Equatorial Guinea holds regular elections, but the voting is neither free nor fair. The current president, who took power in a military coup that deposed his uncle, has led a highly repressive authoritarian regime since 1979. Oil wealth and political power are concentrated in the hands of the president’s family. The government frequently detains the few opposition politicians in the country, cracks down on civil society groups, and censors journalists. The judiciary is under presidential control, and security forces engage in torture and other violence with impunity.
- In May, 112 people, including exiled opposition leaders, were convicted of involvement in an alleged 2017 coup attempt. The trial was marred by irregularities, and defendants were reportedly tortured by the authorities in an effort to coerce their confessions.
- Throughout the year, the government continued targeting opposition members and civil society leaders who are still active in the country. In March, human rights advocate Alfredo Okenve Ndoho was placed under house arrest to prevent him from attending an award ceremony, and his nongovernmental organization (NGO) was later shuttered. In April, opposition leader Andrés Esono Ondo was detained while visiting Chad, after Equatorial Guinea claimed he was plotting a coup d’état.
- In late December, the government agreed to bolster its anticorruption efforts in return for a $283 million loan from the International Monetary Fund (IMF).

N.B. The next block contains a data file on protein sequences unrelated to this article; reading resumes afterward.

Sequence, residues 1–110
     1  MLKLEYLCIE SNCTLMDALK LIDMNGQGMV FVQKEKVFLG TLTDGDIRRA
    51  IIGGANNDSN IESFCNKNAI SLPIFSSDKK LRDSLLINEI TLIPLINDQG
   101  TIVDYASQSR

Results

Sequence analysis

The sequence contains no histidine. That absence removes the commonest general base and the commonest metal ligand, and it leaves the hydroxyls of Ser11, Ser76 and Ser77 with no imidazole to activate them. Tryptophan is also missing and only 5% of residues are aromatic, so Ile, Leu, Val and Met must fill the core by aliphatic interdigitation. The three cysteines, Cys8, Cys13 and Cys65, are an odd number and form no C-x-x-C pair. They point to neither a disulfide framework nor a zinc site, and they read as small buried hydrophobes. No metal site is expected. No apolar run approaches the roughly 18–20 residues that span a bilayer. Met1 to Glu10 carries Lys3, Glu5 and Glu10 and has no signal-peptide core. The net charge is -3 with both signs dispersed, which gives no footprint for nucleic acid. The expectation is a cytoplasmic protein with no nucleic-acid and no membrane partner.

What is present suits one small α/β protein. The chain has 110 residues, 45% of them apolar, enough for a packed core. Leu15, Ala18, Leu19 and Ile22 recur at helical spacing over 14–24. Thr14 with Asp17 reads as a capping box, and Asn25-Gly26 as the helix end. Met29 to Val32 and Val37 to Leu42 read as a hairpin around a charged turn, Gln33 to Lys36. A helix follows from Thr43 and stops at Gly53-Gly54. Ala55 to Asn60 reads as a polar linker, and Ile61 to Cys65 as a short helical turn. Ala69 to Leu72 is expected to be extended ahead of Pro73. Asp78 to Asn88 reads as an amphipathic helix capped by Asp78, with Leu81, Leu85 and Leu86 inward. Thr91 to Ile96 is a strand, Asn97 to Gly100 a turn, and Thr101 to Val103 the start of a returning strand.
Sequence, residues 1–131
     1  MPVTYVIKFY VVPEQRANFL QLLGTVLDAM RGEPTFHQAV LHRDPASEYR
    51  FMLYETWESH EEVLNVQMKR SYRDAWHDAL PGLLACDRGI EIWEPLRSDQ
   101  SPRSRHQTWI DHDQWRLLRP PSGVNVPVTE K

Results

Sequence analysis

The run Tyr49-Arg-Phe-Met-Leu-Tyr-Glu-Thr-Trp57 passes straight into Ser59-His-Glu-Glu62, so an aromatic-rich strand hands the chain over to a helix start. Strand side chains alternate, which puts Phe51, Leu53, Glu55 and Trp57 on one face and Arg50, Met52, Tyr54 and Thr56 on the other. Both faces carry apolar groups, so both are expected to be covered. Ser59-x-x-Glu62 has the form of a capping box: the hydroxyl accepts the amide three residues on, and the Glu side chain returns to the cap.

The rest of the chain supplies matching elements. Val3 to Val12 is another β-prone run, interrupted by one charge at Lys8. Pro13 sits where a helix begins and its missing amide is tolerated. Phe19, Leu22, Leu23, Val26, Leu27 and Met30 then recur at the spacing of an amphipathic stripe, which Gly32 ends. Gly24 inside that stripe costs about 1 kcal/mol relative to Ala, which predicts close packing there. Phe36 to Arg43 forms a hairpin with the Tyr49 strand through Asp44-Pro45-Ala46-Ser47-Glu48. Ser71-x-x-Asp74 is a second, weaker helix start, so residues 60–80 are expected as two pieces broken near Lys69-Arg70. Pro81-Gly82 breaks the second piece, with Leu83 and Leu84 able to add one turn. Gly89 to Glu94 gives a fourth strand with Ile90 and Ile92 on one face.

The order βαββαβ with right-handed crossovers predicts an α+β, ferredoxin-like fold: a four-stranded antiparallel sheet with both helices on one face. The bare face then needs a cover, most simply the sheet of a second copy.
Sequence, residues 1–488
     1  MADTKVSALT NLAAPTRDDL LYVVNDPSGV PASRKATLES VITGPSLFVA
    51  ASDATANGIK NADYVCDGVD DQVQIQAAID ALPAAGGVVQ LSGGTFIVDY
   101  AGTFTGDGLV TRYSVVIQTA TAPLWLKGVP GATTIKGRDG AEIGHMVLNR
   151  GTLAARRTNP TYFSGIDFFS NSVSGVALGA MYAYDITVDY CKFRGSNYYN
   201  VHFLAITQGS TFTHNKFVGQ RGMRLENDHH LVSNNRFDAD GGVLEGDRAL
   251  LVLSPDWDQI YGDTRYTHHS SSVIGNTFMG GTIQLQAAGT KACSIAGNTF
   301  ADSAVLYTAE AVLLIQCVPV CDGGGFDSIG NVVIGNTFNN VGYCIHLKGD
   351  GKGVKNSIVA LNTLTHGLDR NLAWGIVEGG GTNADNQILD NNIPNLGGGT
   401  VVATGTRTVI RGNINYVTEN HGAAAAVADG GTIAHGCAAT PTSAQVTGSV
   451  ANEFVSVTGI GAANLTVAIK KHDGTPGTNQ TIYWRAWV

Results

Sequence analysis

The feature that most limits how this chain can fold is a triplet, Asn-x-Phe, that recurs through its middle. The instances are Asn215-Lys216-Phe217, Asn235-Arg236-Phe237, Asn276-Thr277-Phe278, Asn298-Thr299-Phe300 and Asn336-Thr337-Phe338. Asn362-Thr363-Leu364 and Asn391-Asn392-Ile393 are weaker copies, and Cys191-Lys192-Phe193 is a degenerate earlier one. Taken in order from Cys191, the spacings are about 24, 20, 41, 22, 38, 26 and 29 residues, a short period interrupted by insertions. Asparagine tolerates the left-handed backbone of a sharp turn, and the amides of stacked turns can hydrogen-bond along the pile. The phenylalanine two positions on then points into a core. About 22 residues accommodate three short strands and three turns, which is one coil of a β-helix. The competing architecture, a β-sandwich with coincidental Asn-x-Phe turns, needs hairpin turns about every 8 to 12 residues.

|Was the current head of government or other chief national authority elected through free and fair elections?||0.000 4.004|
President Teodoro Obiang Nguema Mbasogo, Africa’s longest-serving head of state, has held power since 1979. He was awarded a new seven-year term in the 2016 presidential election, reportedly winning 93.5 percent of the vote. The main opposition party at the time, Convergence for Social Democracy (CPDS), boycotted the election, and other factions faced police violence, detentions, and torture. One opposition figure who had been barred from running for president, Gabriel Nsé Obiang Obono, was put under house arrest during the election, and police used live ammunition against supporters gathered at his home.
|Were the current national legislative representatives elected through free and fair elections?||0.000 4.004|
The bicameral parliament consists of a 70-seat Senate and a 100-seat Chamber of Deputies, with members of both chambers serving five-year terms. Fifteen senators are appointed by the president, 55 are directly elected, and there can be several additional ex officio members. The Chamber of Deputies is directly elected.
In the 2017 legislative election, the ruling Democratic Party of Equatorial Guinea (PDGE) and its subordinate allied parties won 99 seats in the lower house, all 55 of the elected seats in the Senate, and control of all municipal councils. The opposition Citizens for Innovation (CI), led by Nsé Obiang, took a single seat in the Chamber of Deputies and a seat on the capital’s city council. The preelection media environment was tightly controlled, and a wave of arrests of CI supporters began when police dispersed an opposition rally ahead of the vote. Among other irregularities on election day, a ban on private vehicles prevented many voters from reaching distant polling stations, and polls closed one hour earlier than scheduled.